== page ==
“The government understands that these politically motivated prosecutions will only be perceived by the public as legitimate as long as most people confess to their ‘crimes,’” Swanton continued. “As soon people start opting to maintain their innocence, then the public will stop believing the official narrative and the whole criminal justice system will lose its legitimacy. That’s why the government goes to such extreme lengths to pressure people to plead guilty to crimes they did not commit. It’s also why it punishes those who refuse to confess, like Dang Dinh Bach, disproportionately.”

Apart from systematically dismantling the government’s narrative, Project 88’s report also illustrates how the four climate activists are emblematic of a new wave of repression that is being meted out against members of non-governmental organizations (NGOs) in Vietnam. Unlike anti-state activists who have long been imprisoned for alleged “national security crimes,” the Vietnam Four are members of a community that adheres to state policy priorities and does not question the legitimacy of one-party rule.

The report details how the prosecution of these individuals took place against the backdrop of state hostility to civil society, which has intensified since Nguyen Phu Trong came to power in 2016. This hostility has taken the form of a series of legal and extralegal measures that, echoing developments across the region, include new restrictions on groups that rely on foreign funding, strict controls on the organization of conferences, and the criminalization of policy activism and government accountability initiatives. UN human rights experts have described these new policies as introducing “unreasonably burdensome requirements for […} registration of funding and projects, meetings and other public activities,” effectively “render[ing] more complex all procedures to receive foreign funding, for INGOs [international NGOS] and national organizations alike.”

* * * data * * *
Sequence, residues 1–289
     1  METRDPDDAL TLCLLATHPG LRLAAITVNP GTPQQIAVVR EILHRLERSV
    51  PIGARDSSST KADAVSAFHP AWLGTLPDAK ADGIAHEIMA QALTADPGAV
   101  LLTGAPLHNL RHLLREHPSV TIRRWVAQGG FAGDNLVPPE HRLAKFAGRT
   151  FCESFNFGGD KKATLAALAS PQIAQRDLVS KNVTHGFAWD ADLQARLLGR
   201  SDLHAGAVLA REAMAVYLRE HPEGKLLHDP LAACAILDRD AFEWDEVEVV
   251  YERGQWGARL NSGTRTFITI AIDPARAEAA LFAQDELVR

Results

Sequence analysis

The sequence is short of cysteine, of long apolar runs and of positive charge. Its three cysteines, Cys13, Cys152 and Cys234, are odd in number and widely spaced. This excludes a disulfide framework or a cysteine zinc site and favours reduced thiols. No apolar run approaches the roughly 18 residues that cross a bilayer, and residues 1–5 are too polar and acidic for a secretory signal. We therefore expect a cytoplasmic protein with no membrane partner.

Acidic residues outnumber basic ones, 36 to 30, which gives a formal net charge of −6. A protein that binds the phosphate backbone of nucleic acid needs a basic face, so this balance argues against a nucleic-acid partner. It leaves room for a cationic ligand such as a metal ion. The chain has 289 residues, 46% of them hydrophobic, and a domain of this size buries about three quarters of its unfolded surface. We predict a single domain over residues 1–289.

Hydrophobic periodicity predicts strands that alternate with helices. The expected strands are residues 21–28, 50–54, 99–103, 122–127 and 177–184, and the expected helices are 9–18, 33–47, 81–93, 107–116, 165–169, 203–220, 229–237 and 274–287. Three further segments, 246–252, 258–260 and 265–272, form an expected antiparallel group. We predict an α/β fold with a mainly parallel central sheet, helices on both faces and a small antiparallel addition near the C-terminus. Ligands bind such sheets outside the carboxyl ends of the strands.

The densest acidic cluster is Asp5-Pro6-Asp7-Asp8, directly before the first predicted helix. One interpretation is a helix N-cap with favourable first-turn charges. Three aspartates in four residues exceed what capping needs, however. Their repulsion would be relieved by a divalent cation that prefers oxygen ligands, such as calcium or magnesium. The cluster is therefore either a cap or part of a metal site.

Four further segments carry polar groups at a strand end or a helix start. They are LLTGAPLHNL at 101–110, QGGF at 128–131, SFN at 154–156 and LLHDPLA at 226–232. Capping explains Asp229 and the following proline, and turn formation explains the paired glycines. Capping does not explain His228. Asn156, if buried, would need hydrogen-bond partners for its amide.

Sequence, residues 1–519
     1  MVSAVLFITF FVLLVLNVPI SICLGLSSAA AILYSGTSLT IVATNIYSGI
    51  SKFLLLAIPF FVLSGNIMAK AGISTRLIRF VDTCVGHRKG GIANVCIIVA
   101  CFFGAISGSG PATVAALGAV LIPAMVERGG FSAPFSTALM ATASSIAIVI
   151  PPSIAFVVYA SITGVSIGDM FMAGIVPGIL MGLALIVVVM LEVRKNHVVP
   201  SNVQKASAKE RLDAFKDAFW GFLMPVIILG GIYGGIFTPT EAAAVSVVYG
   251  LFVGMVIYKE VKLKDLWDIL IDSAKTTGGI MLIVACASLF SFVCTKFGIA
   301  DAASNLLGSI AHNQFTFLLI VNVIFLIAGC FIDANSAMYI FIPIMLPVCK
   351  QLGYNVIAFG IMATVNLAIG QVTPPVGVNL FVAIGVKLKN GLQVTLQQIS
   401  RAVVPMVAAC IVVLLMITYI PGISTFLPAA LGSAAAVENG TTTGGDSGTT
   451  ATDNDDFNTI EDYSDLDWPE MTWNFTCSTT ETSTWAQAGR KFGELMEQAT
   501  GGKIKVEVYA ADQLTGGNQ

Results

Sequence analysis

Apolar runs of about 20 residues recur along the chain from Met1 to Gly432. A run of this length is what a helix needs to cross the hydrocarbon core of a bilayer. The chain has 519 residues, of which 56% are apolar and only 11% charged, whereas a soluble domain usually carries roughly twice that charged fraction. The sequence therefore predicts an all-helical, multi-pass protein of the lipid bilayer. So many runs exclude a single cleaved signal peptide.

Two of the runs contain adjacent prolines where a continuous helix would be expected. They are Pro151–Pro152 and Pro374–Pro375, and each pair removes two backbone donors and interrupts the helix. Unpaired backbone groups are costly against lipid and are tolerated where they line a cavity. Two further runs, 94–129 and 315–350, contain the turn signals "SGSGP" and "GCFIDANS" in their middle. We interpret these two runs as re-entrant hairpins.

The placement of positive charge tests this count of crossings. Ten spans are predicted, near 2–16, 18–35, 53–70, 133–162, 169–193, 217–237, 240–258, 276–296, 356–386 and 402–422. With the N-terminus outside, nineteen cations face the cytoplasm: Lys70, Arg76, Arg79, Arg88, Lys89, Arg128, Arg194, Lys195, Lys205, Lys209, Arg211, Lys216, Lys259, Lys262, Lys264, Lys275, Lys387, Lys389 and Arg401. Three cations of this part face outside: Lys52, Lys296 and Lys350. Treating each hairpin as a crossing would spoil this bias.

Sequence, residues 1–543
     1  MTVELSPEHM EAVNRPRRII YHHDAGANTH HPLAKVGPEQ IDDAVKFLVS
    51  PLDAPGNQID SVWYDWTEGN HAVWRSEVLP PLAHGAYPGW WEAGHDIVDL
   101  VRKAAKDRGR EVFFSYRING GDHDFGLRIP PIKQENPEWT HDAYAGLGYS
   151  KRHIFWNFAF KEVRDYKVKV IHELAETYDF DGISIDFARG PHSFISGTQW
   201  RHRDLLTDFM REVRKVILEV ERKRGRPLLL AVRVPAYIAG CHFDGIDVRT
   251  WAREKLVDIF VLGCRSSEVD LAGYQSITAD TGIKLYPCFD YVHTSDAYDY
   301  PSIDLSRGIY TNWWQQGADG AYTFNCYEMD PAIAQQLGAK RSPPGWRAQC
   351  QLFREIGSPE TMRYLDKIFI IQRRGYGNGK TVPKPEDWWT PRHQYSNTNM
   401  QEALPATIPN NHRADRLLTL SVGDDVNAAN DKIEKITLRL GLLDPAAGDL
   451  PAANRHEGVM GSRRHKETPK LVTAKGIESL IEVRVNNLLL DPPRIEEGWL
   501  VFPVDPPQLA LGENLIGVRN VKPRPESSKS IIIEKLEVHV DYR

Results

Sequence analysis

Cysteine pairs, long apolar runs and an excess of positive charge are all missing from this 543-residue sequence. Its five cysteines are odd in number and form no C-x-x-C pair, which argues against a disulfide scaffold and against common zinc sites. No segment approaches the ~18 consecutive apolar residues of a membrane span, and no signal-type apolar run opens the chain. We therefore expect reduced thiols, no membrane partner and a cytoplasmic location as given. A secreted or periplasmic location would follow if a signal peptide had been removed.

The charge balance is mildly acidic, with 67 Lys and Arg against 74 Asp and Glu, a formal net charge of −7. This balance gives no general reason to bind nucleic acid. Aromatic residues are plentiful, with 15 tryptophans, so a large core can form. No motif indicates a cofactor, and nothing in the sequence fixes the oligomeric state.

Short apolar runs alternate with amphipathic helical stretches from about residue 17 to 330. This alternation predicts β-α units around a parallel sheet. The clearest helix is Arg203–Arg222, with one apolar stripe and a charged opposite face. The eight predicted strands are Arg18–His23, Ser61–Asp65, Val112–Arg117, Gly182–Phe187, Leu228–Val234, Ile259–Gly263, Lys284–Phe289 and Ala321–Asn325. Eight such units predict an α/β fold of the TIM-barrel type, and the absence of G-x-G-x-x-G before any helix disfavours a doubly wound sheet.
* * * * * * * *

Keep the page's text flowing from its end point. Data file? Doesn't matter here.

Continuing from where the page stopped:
The rapidly shrinking civic space in Vietnam is especially concerning given that the government is in the process of negotiating the details of a $15 billion “just” energy transition package (JET-P) with the G7 that was announced in a declaration last December. Under the deal, Vietnam is supposed to become carbon neutral by 2050, although, as one astute analyst observed, the country will receive foreign funding for increased coal-fired power generation up until 2030, which it would not have received otherwise. The declaration notably stipulates that “for the transition to be just and equitable, regular consultation is required with media, NGOs and other stakeholders.” However, as Swanton notes, “if current trends continue, then there will be no independent civil society left to participate in the country’s energy transition.”

“As the Biden administration seeks closer ties with Vietnam and increased cooperation on addressing climate change, it is imperative that the environmental activists and civil society are not sacrificed at the altar of climate change diplomacy,” said Kaylee Uland, co-director of Project 88. “Vietnam needs its environmental defenders on the front lines – not behind bars – in order to monitor the country’s energy transition and ensure the government delivers on its promises.”

Nguyen Phu Trong may be in Washington D.C. as early as July. President Biden should condition his visit on the unconditional release of Dang Dinh Bach and other activists.



For more Project 88 reporting, please visit:

For more information, please contact:

Ben Swanton (English, Vietnamese),


[1] Since the beginning of 2023, Thao has reported numerous instances of administrative and judicial harassment that appear designed to punish her for her advocacy with the UN, while forcing Bach to admit to his alleged crime. We have documented these issues in recent communications from Thao (see these updates from April and May 2023). Attempts to punish Thao for her advocacy amount to reprisals, which are prohibited by UN Human Rights Council resolutions 12/2, 24/24, and 42/28.